Search Thematic Ad Experience (STAX) team within Sponsored Products is looking for a leader to lead a team of talented applied scientists working on cutting-edge science to innovate on ad experiences for Amazon shoppers!. You will manage a team of scientists, engineers, and PMs to innovate new widgets on Amazon Search page to improve shopper experience using state-of-the-art NLP and computer vision models. You will be leading some industry first experiences that has the potential to revolutionize how shopping looks and feels like on Amazon, and e-commerce marketplaces in general. You will have the opportunity to design the vision on how ad experiences look on Amazon search page, and use the combination of advanced techniques and continuous experimentation to realize this vision. Your work will be core to Amazon’s advertising business. You will be a significant contributor in building the future of sponsored advertising, directly impacting the shopper experience for our hundreds of millions of shoppers worldwide, while delivering significant value for hundreds of thousands of advertisers across the purchase journey with ads on Amazon. Key job responsibilities * Be the technical leader in Machine Learning; lead efforts within the team, and collaborate and influence across the organization. * Be a critic, visionary, and execution leader. Invent and test new product ideas that are powered by science that addresses key product gaps or shopper needs. * Set, plan, and execute on a roadmap that strikes the optimal balance between short term delivery and long term exploration. You will influence what we invest in today and tomorrow. * Evangelize the team’s science innovation within the organization, company, and in key conferences (internal and external). * Be ruthless with prioritization. You will be managing a team which is highly sought after. But not all can be done. Have a deep understanding of the tradeoffs involved and be fierce in prioritizing. * Bring clarity, direction, and guidance to help teams navigate through unsolved problems with the goal to elevate the shopper experience. We work on ambiguous problems and the right approach is often unknown. You will bring your rich experience to help guide the team through these ambiguities, while working with product and engineering in crisply defining the science scope and opportunities. * Have strong product and business acumen to drive both shopper improvements and business outcomes. A day in the life * Lead a multidisciplinary team that embodies “customer obsessed science”: inventing brand new approaches to solve Amazon’s unique problems, and using those inventions in software that affects hundreds of millions of customers * Dive deep into our metrics, ongoing experiments to understand how and why they are benefitting our shoppers (or not) * Design, prototype and validate new widgets, techniques, and ideas. Take end-to-end ownership of moving from prototype to final implementation. * Be an advocate and expert for STAX science to leaders and stakeholders inside and outside advertising. About the team We are the Search thematic ads experience team within Sponsored products - a fast growing team of customer-obsessed engineers, technologists, product leaders, and scientists. We are focused on continuous exploration of contexts and creatives to drive value for both our customers and advertisers, through continuous innovation. We focus on new ads experiences globally to help shoppers make the most informed purchase decision while helping shortcut the time to discovery that shoppers are highly likely to engage with. We also harvest rich contextual and behavioral signals that are used to optimize our backend models to continually improve the shopper experience. We obsess about our customers and are continuously seeking opportunities to delight them.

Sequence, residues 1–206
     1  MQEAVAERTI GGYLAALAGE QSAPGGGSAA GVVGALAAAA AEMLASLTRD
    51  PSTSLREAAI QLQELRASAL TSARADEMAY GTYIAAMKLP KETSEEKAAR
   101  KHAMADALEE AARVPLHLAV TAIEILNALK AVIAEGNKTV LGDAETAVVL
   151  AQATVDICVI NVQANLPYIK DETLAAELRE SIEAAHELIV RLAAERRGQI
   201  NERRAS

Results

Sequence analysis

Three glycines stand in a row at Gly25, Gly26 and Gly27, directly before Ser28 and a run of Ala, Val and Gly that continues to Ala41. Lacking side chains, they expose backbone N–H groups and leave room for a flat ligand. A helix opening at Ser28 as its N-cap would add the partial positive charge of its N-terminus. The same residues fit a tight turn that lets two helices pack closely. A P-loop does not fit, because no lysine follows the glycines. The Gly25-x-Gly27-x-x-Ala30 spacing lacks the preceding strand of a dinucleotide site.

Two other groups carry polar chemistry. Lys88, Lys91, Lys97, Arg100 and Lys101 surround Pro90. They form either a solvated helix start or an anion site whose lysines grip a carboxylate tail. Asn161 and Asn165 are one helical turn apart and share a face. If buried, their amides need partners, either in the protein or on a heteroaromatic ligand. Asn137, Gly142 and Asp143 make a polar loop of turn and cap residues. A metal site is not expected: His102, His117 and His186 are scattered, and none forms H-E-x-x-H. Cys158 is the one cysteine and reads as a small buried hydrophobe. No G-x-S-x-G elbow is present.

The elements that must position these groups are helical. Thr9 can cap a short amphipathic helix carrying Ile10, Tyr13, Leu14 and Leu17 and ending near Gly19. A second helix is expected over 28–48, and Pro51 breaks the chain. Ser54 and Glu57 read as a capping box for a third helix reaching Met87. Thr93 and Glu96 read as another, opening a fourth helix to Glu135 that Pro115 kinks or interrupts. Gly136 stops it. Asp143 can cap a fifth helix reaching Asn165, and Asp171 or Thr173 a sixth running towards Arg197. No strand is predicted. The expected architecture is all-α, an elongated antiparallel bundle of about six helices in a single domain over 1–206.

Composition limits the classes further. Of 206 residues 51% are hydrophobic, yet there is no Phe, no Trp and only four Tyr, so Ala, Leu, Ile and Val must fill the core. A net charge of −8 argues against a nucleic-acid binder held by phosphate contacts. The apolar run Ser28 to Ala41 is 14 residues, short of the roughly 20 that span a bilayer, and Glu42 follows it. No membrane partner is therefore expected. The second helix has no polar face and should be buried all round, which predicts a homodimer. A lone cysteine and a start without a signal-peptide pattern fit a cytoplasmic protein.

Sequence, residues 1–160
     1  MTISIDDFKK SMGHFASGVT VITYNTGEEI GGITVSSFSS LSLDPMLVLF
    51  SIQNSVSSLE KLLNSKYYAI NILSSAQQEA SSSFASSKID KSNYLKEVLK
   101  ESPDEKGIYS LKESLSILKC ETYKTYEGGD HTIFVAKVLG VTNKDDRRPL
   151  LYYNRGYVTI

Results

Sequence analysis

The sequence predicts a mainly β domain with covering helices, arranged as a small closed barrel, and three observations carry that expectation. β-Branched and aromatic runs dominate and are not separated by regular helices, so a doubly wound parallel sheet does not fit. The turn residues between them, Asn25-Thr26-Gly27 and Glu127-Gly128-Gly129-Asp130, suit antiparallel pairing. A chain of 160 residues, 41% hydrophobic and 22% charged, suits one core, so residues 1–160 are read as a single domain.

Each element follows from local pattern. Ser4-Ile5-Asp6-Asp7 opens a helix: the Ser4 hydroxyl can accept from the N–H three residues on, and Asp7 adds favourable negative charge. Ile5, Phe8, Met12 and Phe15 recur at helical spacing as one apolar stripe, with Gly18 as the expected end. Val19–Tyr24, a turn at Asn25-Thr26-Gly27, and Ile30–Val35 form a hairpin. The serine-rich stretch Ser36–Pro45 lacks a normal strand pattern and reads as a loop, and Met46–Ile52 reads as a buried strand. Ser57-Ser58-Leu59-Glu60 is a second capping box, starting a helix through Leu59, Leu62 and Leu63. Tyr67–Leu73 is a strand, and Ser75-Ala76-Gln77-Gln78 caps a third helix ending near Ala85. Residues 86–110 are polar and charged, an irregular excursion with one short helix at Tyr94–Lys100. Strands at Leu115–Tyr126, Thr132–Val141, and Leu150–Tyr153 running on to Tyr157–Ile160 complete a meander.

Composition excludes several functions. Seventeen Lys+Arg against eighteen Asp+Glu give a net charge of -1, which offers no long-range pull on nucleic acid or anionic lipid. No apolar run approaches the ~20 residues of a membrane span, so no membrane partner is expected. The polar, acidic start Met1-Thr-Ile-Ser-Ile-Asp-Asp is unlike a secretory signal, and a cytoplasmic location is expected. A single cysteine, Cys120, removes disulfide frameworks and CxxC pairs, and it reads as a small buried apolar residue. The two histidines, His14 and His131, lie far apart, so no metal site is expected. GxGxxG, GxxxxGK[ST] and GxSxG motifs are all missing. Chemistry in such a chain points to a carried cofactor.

US, CA, Palo Alto
Amazon is the 4th most popular site in the US. Our product search engine, one of the most heavily used services in the world, indexes billions of products and serves hundreds of millions of customers world-wide. We are working on a new initiative to transform our search engine into a shopping engine that assists customers with their shopping missions. We look at all aspects of search CX, query understanding, Ranking, Indexing and ask how we can make big step improvements by applying advanced Machine Learning (ML) and Deep Learning (DL) techniques. We’re seeking a thought leader to direct science initiatives for the Search Relevance and Ranking at Amazon. This person will also be a deep learning practitioner/thinker and guide the research in these three areas. They’ll also have the ability to drive cutting edge, product oriented research and should have a notable publication record. This intellectual thought leader will help enhance the science in addition to developing the thinking of our team. This leader will direct and shape the science philosophy, planning and strategy for the team, as we explore multi-modal, multi lingual search through the use of deep learning . We’re seeking an individual that can enhance the science thinking of our team: The org is made of 60+ applied scientists, (2 Principal scientists and 5 Senior ASMs). This person will lead and shape the science philosophy, planning and strategy for the team, as we push into Deep Learning to solve problems like cold start, discovery and personalization in the Search domain. Joining this team, you’ll experience the benefits of working in a dynamic, entrepreneurial environment, while leveraging the resources of Amazon [Earth's most customer-centric internet company]. We provide a highly customer-centric, team-oriented environment in our offices located in Palo Alto, California.